Write a research report
Introduction and Literature section
Intro basically as with a normal essay.
See write an introduction - overview
Your Lit Review is basically a Summary-Response
See write a summary-response
Some useful language for research-style lit reviews
Summarizing the trend of multiple sources
It has been proposed that - - - - > ～と対峙して、～と異なって
It has been proposed that reading speed also contributes to comprehension
By Yukiko S.
tend to X - - - - > Xする傾向がある
Past research has tended to focus on the social dimension...
By Ai K
attempt to X === Xを試みる
Some studies have attempted to extend the idea by adding new components...
By Ai K
Summarizing Conclusions from Sources
A has contributed to our understanding of B - - - - > Aが、我々のＢへの理解に役立った。
This has contributed to our understanding of the processes of reading
By Moe M.
These results suggest X
The results of this study suggested Y - - - - > Xの結果Yが示された
The results of this study suggested a relationship between TOEIC scores and reading speed.
By Kurumi H.
Tips for thesis level intro
Your "keyword outline" could be a paragraph
Next, Chapter 2 reviews the existing literature, identifying… Then Chapter 3 describes the research methodology and Chapter 4 summarizes the results. Finally Chapter 5 discusses how X applies to Y. The remainder of this first chapter clarifies X, introduces Y and describes Z
Methods is a recipe, just like a recipe for okonomiyaki.
I MUST be able to replicate (copy) what you did from the description.
If you give me a recipe for okonomiyaki, but forget the cabbage, what happens?)
- First list your ingredients
- (20 students, 3 eggs, geiger counter, a questionnaire and some flour)
- Then describe what you did, step by step
3.1 Research Framework
- Qualitative? Quantitative? Case study? Action Research
- Experimental? Descriptive?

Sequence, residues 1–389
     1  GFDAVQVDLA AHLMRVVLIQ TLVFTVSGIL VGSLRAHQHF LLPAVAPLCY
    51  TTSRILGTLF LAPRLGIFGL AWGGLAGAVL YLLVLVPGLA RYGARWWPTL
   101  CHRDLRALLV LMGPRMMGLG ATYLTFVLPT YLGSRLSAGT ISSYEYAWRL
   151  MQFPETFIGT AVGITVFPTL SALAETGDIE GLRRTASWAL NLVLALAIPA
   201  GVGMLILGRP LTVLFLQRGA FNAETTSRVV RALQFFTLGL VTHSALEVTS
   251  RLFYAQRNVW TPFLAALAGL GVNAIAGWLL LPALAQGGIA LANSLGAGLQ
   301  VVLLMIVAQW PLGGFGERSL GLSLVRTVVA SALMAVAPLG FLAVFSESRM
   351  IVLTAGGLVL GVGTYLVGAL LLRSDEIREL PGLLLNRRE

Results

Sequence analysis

- Exploratory? Confirming?
- Is the aim generalisation or deep description?
3.2 Participants and Context
- If you had subjects, who were the subjects?
- Age, Gender, Major, Level, Location
- Give as much detail as possible without breaking anonymity
- Why did you choose these specific people? ("Sampling")
- Did any of the participants drop out?
Include any ethical problems:
- How did you make sure the participants were anonymous
- How did you avoid embarassing or insulting anyone?
- Is there a chance your results will harm anyone?
- What tool did you choose for data collection? Why? (e.g. why questionnaire not interview. Why iPhone not Android?)
- HOW did you MAKE your materials?
- e.g. Did you pilot it? (try it out before) What changes did you make?
- Short materials (e.g. a 6 question interview outline, a list) goes here.
- Long materials (e.g. a 6 page questionnaire) goes in an appendix.
- How did you USE your materials, step by step?
- (first then next but then after that finally)
- What method did you use?
- Why did you analyse it that way?
Language and Style in "Method"
1) Call them "participants", not "subjects"
2) Use past tense, unless it is a general statement that is still true
- "The participants WERE interviewed after class"
- "The participants WERE University students"